For 25 Student Rocket Teams, the Road to NASA Begins With Team America Rocketry Challenge
Marshall Space Flight Center, Huntsville, Ala.
News release: 07-068
HUNTSVILLE, Ala. – For 25 student teams from schools and organizations across the United States, the road to NASA began in Virginia as they competed in the Team America Rocketry Challenge, the world’s largest model rocket contest.
The annual contest, which culminated in the launch of their model rockets May 19, drew thousands of students. For the top performers, the journey continues at NASA's Marshall Space Flight Center in Huntsville, Ala., for an advanced rocketry workshop this summer and an invitation to submit proposals for the NASA Student Launch Initiative in the upcoming academic year.
Managed by the Marshall Center, the NASA Student Launch Initiative is a hands-on engineering project that challenges students to design, build, test and launch a reusable vehicle and payload to an altitude of one mile. Preparation for the next Student Launch Initiative begins in July, with one faculty member from each qualifying team invited to a NASA workshop in Huntsville, where educators can tour Marshall facilities and talk rocketry with NASA scientists and engineers.
"Partnering with the Team America Rocketry Challenge is one way that NASA encourages student exploration of science, technology, engineering and mathematics," said Tammy Rowan, interim manager of the Marshall Center's Academic Affairs Office. "But it's more than seeing scientific and mathematical principles come to life. It's also about teamwork, and selling your ideas – skills needed in virtually any career."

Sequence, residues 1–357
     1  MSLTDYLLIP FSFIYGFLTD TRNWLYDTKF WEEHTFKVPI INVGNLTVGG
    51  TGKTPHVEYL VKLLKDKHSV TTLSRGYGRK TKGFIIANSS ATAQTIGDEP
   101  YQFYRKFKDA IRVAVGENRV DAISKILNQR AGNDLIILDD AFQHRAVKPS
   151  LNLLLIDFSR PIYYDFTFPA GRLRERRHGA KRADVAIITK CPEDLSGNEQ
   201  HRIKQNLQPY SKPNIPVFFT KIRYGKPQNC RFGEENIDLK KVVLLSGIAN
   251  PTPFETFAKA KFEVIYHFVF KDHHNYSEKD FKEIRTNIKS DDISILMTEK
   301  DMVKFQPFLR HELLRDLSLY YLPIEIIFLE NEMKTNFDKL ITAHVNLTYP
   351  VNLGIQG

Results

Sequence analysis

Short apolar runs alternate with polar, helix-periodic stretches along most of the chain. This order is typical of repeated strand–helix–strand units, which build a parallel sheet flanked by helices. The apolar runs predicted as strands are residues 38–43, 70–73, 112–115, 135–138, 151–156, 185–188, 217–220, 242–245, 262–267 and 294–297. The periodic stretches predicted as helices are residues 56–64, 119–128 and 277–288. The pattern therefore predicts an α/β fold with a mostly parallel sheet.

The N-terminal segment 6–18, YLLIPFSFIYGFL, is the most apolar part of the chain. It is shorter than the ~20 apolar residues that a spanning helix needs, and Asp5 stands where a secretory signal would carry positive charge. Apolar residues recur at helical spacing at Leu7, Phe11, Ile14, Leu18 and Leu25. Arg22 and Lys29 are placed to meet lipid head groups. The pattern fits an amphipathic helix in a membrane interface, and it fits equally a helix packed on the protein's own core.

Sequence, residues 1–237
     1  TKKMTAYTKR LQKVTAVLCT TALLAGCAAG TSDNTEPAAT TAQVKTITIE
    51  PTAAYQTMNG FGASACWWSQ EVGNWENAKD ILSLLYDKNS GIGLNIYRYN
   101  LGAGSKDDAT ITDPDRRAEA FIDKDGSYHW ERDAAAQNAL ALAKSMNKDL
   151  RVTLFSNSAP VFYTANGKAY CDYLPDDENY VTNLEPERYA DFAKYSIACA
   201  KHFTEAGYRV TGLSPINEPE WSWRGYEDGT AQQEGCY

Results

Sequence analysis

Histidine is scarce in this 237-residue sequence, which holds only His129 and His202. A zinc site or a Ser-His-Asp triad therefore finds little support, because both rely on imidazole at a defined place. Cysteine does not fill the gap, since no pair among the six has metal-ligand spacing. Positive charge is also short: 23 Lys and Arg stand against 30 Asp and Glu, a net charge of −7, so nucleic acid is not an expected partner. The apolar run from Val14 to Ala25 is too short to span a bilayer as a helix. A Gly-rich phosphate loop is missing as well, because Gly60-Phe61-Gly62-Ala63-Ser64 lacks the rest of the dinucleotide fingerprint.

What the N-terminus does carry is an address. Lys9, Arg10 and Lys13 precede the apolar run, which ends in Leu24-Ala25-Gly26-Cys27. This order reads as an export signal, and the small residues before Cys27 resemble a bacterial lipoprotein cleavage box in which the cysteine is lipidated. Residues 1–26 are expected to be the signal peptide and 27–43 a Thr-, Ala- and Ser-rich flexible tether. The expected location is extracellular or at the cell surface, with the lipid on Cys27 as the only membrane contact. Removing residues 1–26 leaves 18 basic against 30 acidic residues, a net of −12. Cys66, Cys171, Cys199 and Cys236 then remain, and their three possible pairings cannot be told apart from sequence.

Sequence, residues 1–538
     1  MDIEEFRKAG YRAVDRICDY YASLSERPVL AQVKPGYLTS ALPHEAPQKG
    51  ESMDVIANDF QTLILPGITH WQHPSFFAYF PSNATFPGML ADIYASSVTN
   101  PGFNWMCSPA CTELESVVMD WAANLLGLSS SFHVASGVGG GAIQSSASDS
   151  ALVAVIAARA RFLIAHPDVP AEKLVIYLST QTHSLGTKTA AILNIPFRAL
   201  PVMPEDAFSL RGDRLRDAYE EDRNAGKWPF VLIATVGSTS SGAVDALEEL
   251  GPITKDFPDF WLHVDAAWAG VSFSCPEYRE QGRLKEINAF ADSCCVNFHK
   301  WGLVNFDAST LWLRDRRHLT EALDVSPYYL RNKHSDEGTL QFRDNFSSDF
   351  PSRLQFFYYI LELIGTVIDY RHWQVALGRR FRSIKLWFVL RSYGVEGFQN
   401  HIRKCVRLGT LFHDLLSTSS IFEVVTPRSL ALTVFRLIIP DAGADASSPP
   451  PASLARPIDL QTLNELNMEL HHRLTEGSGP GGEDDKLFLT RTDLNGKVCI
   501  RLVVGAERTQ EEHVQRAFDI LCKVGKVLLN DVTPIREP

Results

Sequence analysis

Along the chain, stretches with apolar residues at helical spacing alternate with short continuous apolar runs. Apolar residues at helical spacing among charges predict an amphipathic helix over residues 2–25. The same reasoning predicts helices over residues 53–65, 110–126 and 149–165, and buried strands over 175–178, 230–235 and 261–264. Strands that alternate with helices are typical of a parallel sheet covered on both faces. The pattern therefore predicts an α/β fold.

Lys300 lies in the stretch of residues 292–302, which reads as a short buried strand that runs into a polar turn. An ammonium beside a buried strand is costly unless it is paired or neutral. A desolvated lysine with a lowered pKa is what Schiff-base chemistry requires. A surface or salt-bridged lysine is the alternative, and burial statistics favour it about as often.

Sponsored by the Aerospace Industries Association, based in Arlington, Va., May's Team America Rocketry Challenge in Virginia encourages each team to design, build and fly a model rocket carrying one raw egg. The goal was to fly to 850 feet, stay aloft for 45 seconds and return the egg safely to Earth.
About 7,000 students participated in the qualifying rounds, with some 600 students competing in the finals at Great Meadow in The Plains, Va. A team from Newark Memorial High School in Newark, Calif., took first place, beating out 99 other squads with a near-perfect score.
Participants also had the opportunity to see a "real" NASA rocket launch as a 1:100 scale model of the Ares I crew launch vehicle took to the skies. The full-size Ares I, being developed by the Exploration Launch Projects Office at the Marshall Center, will launch NASA's Orion spacecraft and its crew of astronauts to space no later than 2015.
It was the fifth year of the Challenge, which Aerospace Industries Association runs with the National Association of Rocketry. Along with NASA, sponsors include the U.S. Department of Defense, the American Association of Physics Teachers and 38 member companies of the Aerospace Industries Association.
The NASA Student Launch Initiative is managed by the Marshall Center with support from the Huntsville Area Rocketry Association in Huntsville, Ala.
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